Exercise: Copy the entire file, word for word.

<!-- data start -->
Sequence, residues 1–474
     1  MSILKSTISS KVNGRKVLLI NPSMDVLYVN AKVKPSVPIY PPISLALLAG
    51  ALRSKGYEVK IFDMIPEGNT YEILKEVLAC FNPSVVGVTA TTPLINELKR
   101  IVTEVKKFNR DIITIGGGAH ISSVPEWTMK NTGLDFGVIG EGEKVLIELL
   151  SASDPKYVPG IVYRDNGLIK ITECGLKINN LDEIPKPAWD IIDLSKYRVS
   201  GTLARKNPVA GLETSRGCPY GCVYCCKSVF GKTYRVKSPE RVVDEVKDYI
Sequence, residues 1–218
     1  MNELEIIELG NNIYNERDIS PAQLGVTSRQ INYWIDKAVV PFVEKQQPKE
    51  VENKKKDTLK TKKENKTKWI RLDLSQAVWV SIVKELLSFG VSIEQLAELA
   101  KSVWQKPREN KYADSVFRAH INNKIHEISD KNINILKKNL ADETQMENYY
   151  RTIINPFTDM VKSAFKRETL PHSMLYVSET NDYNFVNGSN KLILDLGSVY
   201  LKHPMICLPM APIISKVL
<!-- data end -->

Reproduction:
Sequence, residues 1–474
     1  MSILKSTISS KVNGRKVLLI NPSMDVLYVN AKVKPSVPIY PPISLALLAG
    51  ALRSKGYEVK IFDMIPEGNT YEILKEVLAC FNPSVVGVTA TTPLINELKR
   101  IVTEVKKFNR DIITIGGGAH ISSVPEWTMK NTGLDFGVIG EGEKVLIELL
   151  SASDPKYVPG IVYRDNGLIK ITECGLKINN LDEIPKPAWD IIDLSKYRVS
   201  GTLARKNPVA GLETSRGCPY GCVYCCKSVF GKTYRVKSPE RVVDEVKDYI
Sequence, residues 1–218
     1  MNELEIIELG NNIYNERDIS PAQLGVTSRQ INYWIDKAVV PFVEKQQPKE
    51  VENKKKDTLK TKKENKTKWI RLDLSQAVWV SIVKELLSFG VSIEQLAELA
   101  KSVWQKPREN KYADSVFRAH INNKIHEISD KNINILKKNL ADETQMENYY
   151  RTIINPFTDM VKSAFKRETL PHSMLYVSET NDYNFVNGSN KLILDLGSVY
   201  LKHPMICLPM APIISKVL